Ramadan begins for the world's Muslims, a pioneer of gospel music is rediscovered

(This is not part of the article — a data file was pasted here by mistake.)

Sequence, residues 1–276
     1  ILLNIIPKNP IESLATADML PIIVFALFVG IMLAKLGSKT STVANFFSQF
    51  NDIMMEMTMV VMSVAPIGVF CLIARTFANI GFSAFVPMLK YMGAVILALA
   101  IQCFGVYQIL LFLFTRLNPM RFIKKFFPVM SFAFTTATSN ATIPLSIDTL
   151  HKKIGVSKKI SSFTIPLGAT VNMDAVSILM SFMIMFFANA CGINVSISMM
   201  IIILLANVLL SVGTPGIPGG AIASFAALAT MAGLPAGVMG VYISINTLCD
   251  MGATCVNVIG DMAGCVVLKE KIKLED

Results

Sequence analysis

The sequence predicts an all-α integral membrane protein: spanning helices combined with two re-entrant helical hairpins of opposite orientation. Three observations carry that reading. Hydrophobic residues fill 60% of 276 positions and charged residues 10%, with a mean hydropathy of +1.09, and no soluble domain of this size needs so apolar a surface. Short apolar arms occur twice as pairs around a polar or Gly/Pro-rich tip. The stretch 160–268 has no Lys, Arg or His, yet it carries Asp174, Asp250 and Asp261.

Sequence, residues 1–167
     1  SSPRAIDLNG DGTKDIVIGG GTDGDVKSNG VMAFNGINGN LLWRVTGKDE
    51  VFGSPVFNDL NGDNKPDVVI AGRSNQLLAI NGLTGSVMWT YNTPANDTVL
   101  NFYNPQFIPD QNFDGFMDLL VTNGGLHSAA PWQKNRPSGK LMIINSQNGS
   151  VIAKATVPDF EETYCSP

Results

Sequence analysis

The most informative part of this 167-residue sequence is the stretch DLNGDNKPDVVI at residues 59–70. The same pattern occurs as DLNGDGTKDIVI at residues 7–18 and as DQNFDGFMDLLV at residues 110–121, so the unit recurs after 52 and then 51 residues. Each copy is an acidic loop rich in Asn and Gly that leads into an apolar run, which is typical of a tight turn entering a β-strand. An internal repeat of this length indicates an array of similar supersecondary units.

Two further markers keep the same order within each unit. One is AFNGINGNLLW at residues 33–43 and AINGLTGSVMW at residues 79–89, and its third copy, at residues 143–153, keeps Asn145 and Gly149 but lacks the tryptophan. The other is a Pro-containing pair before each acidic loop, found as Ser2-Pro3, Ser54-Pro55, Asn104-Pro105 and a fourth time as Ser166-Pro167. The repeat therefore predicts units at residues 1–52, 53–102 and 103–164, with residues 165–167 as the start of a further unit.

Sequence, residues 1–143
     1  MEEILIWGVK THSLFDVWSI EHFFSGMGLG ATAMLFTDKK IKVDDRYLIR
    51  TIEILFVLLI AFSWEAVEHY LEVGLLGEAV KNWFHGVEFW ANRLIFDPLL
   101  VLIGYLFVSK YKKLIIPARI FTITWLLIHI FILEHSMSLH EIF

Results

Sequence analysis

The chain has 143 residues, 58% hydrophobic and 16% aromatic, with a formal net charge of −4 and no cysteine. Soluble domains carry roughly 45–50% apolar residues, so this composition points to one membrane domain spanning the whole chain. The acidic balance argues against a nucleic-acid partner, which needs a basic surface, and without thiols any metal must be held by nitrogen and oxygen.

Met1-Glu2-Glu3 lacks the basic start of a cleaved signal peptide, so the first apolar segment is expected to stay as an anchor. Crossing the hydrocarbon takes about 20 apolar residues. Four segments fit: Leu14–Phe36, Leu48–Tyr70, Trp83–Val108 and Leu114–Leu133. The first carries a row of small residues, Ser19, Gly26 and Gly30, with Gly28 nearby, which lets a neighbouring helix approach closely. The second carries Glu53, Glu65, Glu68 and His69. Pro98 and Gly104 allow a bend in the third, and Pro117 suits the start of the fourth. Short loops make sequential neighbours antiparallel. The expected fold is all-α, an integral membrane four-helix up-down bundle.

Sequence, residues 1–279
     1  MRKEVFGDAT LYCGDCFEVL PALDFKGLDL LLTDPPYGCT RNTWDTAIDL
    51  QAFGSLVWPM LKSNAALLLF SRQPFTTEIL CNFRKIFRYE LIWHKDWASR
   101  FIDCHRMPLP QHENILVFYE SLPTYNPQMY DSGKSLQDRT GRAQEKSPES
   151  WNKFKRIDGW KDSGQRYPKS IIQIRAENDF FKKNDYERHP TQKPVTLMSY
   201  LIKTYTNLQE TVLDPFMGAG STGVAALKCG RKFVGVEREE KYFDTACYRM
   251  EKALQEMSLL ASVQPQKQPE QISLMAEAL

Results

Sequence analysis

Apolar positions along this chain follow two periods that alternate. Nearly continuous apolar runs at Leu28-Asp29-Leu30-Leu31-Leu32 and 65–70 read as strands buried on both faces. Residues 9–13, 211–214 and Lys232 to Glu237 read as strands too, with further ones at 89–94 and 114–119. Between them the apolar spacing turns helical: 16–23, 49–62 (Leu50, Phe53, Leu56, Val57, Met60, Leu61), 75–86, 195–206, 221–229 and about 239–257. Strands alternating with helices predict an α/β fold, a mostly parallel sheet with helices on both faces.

On this week's AP religion roundup, Ramadan begins for the world's Muslims and a pioneer of gospel music is rediscovered. Hundreds of millions of Muslims began the daily facts of Ramadan this week during Ramadan observant Muslims abstain from food and water from dawn to dusk and gather with family and friends for nighttime meals. Enjoy within the bandages now. Imad Hamad of Dearborn, Michigan, says it's like opening a new page with God each year. This is the way that is required to face the month. This is the way it's required to again guts rewards and gain the forgiveness and open a new chapter. That's why we quote Ramadan is a month of renewable. Islam follows a lunar calendar, so Ramadan starts about a week and a half earlier each year. For more than two decades, the work of gospel music composer, Charles Henry pace, sat silent and 14 unorganized crates. I knew we had this gospel collection, but nobody had ever really looked into it or really even figured out what it was. Christopher lynch is a musicologist at the center for American music at the university of Pittsburgh. We had about 140 pieces of music that didn't exist in any other library in the world. And might be completely lost. Lynch and his team discovered that pace was an early pioneer of gospel music. His independently owned publishing company helped elevate and expand the genre. I remember working in our music store. If my late teens. Francis pace barns. She was surprised at her father's impact. I think what I learned as an adult, I recognized, God, he was smart. Just a little ahead of his time, maybe. One, two, go. Average Herbert Jones, the founder of the heritage gospel corral, says bases archives help secure Pittsburgh special place in music history. Pittsburgh was a stop over point for jazz musicians and blues musicians back in the 20s, 30s, 40s and 50s. So this is another niche in the history of Pittsburgh and the music field. This week, the community showcased paces work at a free concert in Pittsburgh's hill district. Hi, Walter radliff.

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